You've heard a great deal about ethical hackers, who emulate the Tactics Techniques and Procedures (TTP) of a hacker to test your defences. Well, I'm an ethical phisherman, I use the same TTP as an attacker to lure your staff into taking my bait and then instead of exploiting them, they receive education, whilst you receive statistics on how many staff, from which departments using what devices, at what time. This process helps to shape behaviour and encourages staff to report suspicious emails and in doing so improve your defences. Please take a look at our Managed Phishing Assessment Service https://www.cndltd.com/services/assess/phishing-assessment
Back to Basics - What is Phishing
Phishing is a form of social engineering designed to target what has traditionally been seen as the weakest part of any system - the user. Phishing attacks have been around for many years and come in countless forms, complexities, and themes. From the laughable early attempts that contained broken English and far-fetched requests ('Nigerian Prince'/419 scams anyone?) right through to the well-researched, highly targeted attempts designed to closely imitate individuals and organisations.
Phishing attempts can serve different purposes; from reconnaissance and intelligence gathering through to credential theft and malware delivery. The lures used to achieve these aims are often designed to leverage basic human traits (greed, curiosity, fear etc.) to increase the likelihood of success. 'Success' could be clicking on a malicious link, opening an infected file, or inadvertently entering your credentials thinking you were logging into your Microsoft 365 account.
Attackers Do Not Possess A Moral Compass
Tactics & Techniques
Attackers are notoriously quick to take advantage of current events, topics, and situations. By rapidly adapting their tactics, techniques, and procedures they can hit unsuspecting users from fresh new angles. The current pandemic is a prime example of this. The creation of new phishing lures and malicious domain registrations took place within days of lockdown commencing and have been designed to capitalise on the fear, uncertainty, and interest in all things COVID-19. Examples include fake Virtual Private Network (VPN) updates designed to target the increased number of remote workers, and bogus HMRC and HR-themed emails looking to exploit fears associated with job insecurity and unemployment caused by the Coronavirus.
It should be realised that attackers do not possess a moral compass when it comes to launching phishing attacks. They simply do not care whether a victim is a hospital, charity, small businesses or vulnerable individual. For them, getting a result is the primary goal and this is usually some form of financial gain.
Defences - Phishing Prohibited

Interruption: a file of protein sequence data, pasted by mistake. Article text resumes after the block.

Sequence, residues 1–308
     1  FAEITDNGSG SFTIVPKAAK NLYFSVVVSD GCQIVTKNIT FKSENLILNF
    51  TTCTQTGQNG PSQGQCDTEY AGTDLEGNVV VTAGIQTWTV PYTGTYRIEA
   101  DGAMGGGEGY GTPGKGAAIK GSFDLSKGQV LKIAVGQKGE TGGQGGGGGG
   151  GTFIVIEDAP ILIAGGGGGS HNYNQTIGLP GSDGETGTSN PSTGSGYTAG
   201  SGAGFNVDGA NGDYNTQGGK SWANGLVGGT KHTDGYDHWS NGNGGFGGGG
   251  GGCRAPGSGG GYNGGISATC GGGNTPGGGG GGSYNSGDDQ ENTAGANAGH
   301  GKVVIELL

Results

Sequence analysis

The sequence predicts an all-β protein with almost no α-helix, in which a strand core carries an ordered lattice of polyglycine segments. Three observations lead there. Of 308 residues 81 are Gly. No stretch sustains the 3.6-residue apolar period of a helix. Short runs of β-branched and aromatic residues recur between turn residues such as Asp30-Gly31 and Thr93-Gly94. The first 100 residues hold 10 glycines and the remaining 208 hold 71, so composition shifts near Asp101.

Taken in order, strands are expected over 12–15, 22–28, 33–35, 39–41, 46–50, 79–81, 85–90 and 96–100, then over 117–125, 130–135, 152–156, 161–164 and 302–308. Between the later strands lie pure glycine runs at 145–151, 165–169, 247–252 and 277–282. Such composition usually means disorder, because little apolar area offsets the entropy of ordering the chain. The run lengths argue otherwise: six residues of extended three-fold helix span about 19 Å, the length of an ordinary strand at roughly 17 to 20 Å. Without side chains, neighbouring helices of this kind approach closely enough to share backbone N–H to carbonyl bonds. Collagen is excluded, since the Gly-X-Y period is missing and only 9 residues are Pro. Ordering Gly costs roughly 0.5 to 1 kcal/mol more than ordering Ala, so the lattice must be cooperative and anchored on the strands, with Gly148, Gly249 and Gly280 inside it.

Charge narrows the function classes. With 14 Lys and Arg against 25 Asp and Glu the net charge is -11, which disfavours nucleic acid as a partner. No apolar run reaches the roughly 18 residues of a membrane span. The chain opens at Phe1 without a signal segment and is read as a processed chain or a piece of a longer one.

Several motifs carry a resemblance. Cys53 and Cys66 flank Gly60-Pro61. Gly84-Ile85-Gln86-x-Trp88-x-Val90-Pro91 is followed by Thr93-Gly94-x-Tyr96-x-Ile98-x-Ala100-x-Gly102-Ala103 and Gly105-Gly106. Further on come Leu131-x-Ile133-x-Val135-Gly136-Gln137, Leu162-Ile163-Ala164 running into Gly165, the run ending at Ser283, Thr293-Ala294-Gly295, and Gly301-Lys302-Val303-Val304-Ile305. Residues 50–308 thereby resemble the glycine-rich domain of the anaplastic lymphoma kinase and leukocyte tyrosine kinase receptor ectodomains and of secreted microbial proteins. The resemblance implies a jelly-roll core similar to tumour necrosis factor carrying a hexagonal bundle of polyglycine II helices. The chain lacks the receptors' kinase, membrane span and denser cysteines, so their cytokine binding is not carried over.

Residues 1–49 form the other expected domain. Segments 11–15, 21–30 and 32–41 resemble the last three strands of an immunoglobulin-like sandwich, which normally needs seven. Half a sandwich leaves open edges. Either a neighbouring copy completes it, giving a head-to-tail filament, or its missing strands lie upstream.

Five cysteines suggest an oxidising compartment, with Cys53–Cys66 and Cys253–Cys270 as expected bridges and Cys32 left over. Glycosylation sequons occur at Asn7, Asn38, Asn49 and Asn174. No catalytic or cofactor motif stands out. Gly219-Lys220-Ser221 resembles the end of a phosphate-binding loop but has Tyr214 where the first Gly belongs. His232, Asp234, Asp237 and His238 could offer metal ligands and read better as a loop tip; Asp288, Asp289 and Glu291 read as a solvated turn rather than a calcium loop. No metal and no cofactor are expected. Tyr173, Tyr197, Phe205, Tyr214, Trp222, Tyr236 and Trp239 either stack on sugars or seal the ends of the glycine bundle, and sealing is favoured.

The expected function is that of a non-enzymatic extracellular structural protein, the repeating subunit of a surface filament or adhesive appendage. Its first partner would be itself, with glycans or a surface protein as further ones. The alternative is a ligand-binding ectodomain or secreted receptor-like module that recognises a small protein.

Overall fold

Thankfully, the technical countermeasures designed to filter out this type of attack have progressed markedly in recent years. Despite the impressive advances in email security, phishing attempts still manage to evade filtering solutions and slip through secure gateways into the inboxes of unsuspecting users.
Users are busy people; lots of emails, lots of competing deadlines, yet all it could take is a momentary lapse of judgement (amongst other failings in a layered security approach…) for credentials to be stolen or for ransomware to get deployed onto your network. The fact is that phishing attacks are a low overhead and get results, so they will remain a threat to individuals and organisations for the foreseeable future.
Top Tips for Defence Against Phishing
Here are 5 tips to help improve security in the fight against phishing:
- Free is good. Make the most out of the integrated security tools available in your environment. You have paid for them as part of your service so put them to good use! Commonly used cloud platforms such as Microsoft 365 and G-Suite have some great security features that will help protect your organisation against phishing attacks.
- Forewarned is forearmed. User training, while not a silver bullet, helps raise awareness of phishing techniques and encourages users to report attempts. At CND we utilise phishing simulations for internal training purposes as well as to help our clients improve their defences. The aim should be to condition user behaviour so that phishing attempts are recognised and reported. Avoid the temptation of becoming obsessed with metrics and keep the focus on the bigger picture, behavioural change.
- Spoof be gone. Domain-based Message Authentication, Reporting & Conformance (DMARC), Domain Keys Identified Mail (DKIM) and Sender Policy Framework (SPF) should be implemented to help prevent email from your domains from being spoofed.
- Simple is best. Applying a simple change like setting a rule to prepend all inbound external emails with a warning can be very effective. The warning should alert the user that it is an external email and to apply additional caution. The prepended warning message is more obvious to the user if it is in the email body rather than subject line.
- Two is better than one. Two-Factor authentication (2FA) should be set up on all user accounts where it is available. Requiring multiple authentication methods to access an account will act as a safety net should the worst happen, and a user accidently transmits their login credentials during a phishing attack.